So then I began thinking about what a friend had told me at a chapel service in which we were talking about gifts.  We were asked to break off into groups to discuss what our gifts were.  When it came around to me, I didn’t have a clue what to say. I didn’t feel like I had a spiritual gift.  But my friend looked at me, and said, “Heather, you are really good at accepting people for who they are and loving them no matter what.” This again made me think that my spiritual gift had something to do with love, but I still wasn’t quite there yet.  Then I found these verses:

“Having then gifts differing according to the grace that is given to us, let us use them: if prophecy, let us prophesy in proportion to our faith; or ministry, let us use it in our ministering; he who teaches, in teaching; he who exhorts, in exhortation; he who gives, with liberality; he who leads, with diligence; he who shows mercy, with cheerfulness.” (Romans 12:6-8)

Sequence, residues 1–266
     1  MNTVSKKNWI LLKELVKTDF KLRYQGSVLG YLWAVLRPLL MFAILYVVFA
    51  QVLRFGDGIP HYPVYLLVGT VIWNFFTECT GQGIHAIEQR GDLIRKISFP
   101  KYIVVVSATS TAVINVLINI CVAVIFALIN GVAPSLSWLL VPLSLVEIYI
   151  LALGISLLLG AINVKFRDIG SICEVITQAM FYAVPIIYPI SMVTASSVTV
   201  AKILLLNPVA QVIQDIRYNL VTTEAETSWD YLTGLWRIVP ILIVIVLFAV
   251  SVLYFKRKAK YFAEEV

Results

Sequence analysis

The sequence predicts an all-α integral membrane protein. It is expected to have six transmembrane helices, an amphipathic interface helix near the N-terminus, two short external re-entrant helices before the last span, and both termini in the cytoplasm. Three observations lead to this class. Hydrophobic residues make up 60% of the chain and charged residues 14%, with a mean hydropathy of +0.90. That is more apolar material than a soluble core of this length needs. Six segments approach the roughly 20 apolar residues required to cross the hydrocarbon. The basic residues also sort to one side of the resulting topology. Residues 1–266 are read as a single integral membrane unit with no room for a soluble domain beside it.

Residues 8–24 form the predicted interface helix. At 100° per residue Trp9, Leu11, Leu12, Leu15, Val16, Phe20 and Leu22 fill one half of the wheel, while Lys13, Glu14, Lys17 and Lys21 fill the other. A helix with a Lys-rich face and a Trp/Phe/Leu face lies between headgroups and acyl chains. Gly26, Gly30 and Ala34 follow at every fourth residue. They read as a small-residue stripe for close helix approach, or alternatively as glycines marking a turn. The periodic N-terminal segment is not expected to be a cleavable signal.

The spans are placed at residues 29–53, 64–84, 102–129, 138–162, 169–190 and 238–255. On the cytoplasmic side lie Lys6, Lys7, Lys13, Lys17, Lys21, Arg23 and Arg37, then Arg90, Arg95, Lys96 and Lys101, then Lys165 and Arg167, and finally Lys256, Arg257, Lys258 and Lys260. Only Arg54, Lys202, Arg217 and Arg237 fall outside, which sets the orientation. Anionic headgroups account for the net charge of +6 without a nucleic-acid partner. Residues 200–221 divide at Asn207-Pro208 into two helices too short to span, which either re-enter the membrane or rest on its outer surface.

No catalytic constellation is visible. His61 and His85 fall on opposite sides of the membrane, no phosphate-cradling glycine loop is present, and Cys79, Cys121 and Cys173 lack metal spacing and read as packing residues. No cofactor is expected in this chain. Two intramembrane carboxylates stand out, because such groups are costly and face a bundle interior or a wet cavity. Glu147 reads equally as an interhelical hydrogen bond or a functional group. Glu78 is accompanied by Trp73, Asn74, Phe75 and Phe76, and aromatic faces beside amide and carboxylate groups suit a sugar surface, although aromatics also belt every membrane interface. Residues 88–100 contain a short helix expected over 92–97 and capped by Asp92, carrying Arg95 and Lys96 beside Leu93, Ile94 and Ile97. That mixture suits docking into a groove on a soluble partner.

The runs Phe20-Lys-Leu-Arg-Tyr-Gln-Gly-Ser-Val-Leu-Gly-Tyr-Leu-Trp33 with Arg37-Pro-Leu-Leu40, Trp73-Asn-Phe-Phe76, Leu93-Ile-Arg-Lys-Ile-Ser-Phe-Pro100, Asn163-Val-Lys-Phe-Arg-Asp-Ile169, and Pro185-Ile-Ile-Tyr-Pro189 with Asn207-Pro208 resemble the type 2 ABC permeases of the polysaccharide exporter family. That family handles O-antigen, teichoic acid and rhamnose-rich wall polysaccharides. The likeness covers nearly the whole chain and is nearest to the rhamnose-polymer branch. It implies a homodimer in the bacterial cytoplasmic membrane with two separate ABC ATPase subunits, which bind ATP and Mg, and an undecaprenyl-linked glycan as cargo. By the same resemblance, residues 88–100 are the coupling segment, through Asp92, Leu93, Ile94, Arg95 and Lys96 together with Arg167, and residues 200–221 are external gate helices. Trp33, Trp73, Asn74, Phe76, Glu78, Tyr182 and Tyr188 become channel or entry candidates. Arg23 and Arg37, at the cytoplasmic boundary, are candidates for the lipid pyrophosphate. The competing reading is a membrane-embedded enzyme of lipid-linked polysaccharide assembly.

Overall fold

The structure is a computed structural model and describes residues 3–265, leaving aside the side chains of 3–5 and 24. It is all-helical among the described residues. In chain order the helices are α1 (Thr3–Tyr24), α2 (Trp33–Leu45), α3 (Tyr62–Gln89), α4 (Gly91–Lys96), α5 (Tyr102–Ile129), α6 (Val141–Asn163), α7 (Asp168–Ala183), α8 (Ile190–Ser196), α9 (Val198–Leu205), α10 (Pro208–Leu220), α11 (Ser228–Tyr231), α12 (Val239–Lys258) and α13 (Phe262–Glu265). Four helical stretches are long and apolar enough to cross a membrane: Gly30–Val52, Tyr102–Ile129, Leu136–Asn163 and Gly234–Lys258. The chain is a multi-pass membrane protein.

Mercy and compassion…that is my spiritual gift.  I am always giving people second chances, no matter what they have done, and I have an ability to do so even, dare I say especially, when they are undeserved.

But let me just say that there are times when I absolutely despise this gift.  I have shared many angry rants with God about it.  Most of the time it’s because I feel like it’s not fair.  I willingly and lovingly give out second chances, but when the tables are turned, hardly anyone does the same for me. I realize that this is because I have a gift for this, but as a strong, immensely independent person, my gut reaction is to rebel against my gift because I get sick of feeling like a doormat.

My problem has been finding a balance.  Do I always give out second chances, or is there a point when I am supposed to stand up for myself?  As I continue to exercise and develop my gift, I hope to find the answer to this question as it has been one of my biggest struggles for the longest time.